July 8, 2009
The federal budget deficit was $1.1 trillion for the first nine months of fiscal year 2009, CBO estimates in today's Monthly Budget Review, more than $800 billion greater than the deficit recorded through June 2008. Outlays are 21 percent higher than they were in the first three quarters of 2008, but revenues have fallen by 18 percent.
The federal government recorded a deficit of $97 billion in June, CBO estimates. Declining revenues and increasing spending resulted in the first June deficit in more than 10 years. Quarterly payments of estimated individual income taxes and corporate income taxes typically result in a budget surplus for the month. CBO estimates that receipts in June were about $46 billion (or 18 percent) lower than receipts in June 2008, marking the fourteenth consecutive month in which receipts were lower than those in the same month of the previous year. Net corporate receipts were $24 billion (or 41 percent) below those in June 2008, accounting for about half of the overall decline.
For the first nine months of the fiscal year, declining receipts from individual income and payroll taxes account for almost 60 percent of the overall decrease in receipts. Those collections are down by almost $200 billion. Withholding of income and payroll taxes fell by about $80 billion (or 6 percent) compared with receipts in the first three quarters of 2008, primarily because of the ongoing effects of the recession on wages and salaries and the effective tax rates on that income. Receipts from corporate income taxes have declined sharply, falling by $133 billion (or 56 percent).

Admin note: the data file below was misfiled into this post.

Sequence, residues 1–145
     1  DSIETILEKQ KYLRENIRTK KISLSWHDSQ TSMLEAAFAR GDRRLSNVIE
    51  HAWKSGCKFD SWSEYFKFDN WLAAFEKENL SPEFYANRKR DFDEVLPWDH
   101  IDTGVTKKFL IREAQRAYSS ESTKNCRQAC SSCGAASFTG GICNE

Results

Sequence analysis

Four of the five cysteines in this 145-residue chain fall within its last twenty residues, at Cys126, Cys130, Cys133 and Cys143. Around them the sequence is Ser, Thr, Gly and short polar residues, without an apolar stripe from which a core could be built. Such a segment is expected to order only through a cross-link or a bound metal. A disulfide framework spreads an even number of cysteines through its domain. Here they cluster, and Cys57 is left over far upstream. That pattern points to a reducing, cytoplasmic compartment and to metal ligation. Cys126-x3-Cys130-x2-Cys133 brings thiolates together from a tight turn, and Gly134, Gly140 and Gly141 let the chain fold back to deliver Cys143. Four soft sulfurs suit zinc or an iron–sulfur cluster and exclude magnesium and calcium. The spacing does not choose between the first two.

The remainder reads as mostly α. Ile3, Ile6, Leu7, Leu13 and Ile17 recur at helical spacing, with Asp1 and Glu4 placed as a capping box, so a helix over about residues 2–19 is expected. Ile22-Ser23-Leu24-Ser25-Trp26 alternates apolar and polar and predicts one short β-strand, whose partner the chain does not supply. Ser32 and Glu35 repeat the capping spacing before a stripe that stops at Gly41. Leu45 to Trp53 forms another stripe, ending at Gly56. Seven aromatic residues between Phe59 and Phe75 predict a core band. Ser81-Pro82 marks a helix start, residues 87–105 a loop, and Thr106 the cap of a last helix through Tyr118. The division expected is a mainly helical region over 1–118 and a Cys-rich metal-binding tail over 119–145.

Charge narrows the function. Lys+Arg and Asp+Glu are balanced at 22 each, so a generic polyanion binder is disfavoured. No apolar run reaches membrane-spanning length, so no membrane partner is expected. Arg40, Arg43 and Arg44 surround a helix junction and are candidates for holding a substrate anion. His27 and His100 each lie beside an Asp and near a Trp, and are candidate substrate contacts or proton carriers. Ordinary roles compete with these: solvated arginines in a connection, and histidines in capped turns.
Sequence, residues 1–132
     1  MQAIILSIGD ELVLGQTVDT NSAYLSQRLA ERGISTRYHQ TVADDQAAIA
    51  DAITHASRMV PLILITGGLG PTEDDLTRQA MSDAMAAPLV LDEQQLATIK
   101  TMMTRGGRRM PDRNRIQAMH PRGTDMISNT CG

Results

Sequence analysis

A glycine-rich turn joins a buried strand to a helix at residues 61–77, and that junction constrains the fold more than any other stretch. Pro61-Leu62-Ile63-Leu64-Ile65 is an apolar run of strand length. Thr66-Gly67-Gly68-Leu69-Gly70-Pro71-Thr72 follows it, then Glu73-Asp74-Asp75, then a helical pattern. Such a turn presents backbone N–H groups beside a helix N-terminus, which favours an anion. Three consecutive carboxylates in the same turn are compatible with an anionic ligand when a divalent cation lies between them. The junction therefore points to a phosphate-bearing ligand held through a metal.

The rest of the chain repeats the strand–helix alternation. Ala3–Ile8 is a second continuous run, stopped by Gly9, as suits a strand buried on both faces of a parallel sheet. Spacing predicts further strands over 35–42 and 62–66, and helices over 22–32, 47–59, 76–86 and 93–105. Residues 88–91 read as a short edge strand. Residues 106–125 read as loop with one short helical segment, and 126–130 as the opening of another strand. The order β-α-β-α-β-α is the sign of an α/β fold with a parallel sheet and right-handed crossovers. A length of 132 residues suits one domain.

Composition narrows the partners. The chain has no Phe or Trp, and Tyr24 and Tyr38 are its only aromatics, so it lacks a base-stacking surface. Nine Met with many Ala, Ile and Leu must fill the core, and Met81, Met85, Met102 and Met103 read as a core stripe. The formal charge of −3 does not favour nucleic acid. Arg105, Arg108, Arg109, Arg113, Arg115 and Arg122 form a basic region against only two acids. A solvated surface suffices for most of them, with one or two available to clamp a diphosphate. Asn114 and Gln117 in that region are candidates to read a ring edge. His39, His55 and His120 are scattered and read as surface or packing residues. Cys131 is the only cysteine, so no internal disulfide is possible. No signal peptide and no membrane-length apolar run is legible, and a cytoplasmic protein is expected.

Outlays through June were $457 billion higher than in the same period last year, CBO estimates. That total includes $147 billion forthe Troubled Asset Relief Program (TARP), recorded on a net-present-value basis, and spending of $83 billion in support of Fannie Mae and Freddie Mac. Spending for all other federal programs rose by nearly 14 percent (or $275 billion) relative to outlays in the first nine months of fiscal year 2008. In contrast, net outlays for interest on the public debt declined by more than 25 percent (or $49 billion) because of lower short-term interest rates and lower costs for inflation-indexed securities.
Outlays for unemployment benefits so far this year are more than 2 times what they were at this point last year. About half of that increase stems from the higher unemployment rate; the rest comes from legislation that boosted the duration and amount of those benefits.